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Title: Tony Kushner : legacy and reading
Author: Douglas, Carla Bryony
ISNI:       0000 0004 7225 3664
Awarding Body: University of Leeds
Current Institution: University of Leeds
Date of Award: 2017
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This thesis shows that questions of ‘legacy’ occupy a pivotal position in the work of US playwright and screenwriter Tony Kushner. It is the first study to consider this in detail. Using a methodology of close reading, I show that Kushner’s handling of legacy in his plays and screenplays has five distinctive facets. He uses queer, affective reading to establish reparative alternatives to oppressive legacies. He presents legacy as both reliant on and constituted by dispossession. He shows it to be characterised by both endurance and loss. He indicates that in the US it is bound to the law and the institution of slavery. Finally, he scrutinizes the collaborative nets and dyads that reveal its connective force. Through chapters that demonstrate each of these aspects to Kushner’s treatment of legacy, I show that his oeuvre raises essential questions about the subject: How are legacies transmitted? How can they be interpreted through theatre and film? And can legacy be read? ‘Legacy’ remains underdeveloped as a critical term. Though frequently employed in literary, theatrical, and political texts, it has received little attention outside of the work of Jacques Derrida. Yet, though largely silent on legacy, poststructuralist and queer theory traditions offer tools for reading that develop my approach to Kushner’s work. I draw from Derrida on legacy, but also Alain Badiou on theatre, Eve Kosofsky Sedgwick on affective reading and performativity, and Judith Butler and Athena Athanasiou on dispossession. Kushner, I argue, reads legacy with a combination of hope and fierce scepticism. Pressing audience and readers alike to actively engage with his theatre and screenwriting, he shows legacy to be readable, reliant on human interconnectedness, and characterized by intricate internal tensions between substance and negativity, endurance and disposability, loss and perseverance.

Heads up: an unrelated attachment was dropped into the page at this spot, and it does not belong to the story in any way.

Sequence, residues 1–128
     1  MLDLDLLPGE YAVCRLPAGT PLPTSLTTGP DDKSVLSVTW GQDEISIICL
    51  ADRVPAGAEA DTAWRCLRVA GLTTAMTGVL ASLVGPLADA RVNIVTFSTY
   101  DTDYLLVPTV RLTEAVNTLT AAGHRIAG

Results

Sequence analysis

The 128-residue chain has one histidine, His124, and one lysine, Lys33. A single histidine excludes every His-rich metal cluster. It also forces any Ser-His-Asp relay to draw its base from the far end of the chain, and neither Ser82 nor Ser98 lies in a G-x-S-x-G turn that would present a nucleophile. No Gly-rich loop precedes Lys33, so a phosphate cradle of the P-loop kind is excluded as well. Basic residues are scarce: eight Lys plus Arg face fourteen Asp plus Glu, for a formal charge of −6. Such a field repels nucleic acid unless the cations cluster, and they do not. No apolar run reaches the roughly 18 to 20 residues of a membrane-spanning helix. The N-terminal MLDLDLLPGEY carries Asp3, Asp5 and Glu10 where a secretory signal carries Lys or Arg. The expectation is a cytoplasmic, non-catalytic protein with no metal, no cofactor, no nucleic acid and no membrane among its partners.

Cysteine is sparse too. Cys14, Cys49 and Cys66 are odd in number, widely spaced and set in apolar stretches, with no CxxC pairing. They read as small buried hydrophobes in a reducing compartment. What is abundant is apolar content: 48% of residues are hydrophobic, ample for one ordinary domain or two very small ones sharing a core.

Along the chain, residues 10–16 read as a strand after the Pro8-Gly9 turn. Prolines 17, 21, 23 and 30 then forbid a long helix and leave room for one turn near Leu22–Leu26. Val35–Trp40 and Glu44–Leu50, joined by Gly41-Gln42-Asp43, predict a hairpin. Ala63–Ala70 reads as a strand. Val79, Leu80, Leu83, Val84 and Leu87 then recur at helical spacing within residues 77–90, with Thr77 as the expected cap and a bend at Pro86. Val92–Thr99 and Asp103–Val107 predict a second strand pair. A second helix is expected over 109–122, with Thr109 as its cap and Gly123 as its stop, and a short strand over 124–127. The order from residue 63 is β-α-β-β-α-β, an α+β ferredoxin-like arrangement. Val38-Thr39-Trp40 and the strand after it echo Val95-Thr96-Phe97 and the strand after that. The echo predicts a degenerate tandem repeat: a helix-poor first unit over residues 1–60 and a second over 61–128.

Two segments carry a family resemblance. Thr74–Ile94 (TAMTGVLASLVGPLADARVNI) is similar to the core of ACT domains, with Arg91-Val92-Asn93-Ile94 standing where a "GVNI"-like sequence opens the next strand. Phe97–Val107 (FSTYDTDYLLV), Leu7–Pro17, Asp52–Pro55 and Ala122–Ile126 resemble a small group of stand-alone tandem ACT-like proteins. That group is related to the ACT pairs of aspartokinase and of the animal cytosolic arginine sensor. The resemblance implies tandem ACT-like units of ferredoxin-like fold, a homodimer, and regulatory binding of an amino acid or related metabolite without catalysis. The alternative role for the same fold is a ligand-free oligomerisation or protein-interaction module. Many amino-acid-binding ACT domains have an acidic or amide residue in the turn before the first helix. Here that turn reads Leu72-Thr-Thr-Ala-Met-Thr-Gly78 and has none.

Supervisor: Flannery, Denis J. M. Sponsor: Leeds International Research Scholarship ; Oppenheimer Memorial Trust
Qualification Name: Thesis (Ph.D.) Qualification Level: Doctoral
EThOS ID:  DOI: Not available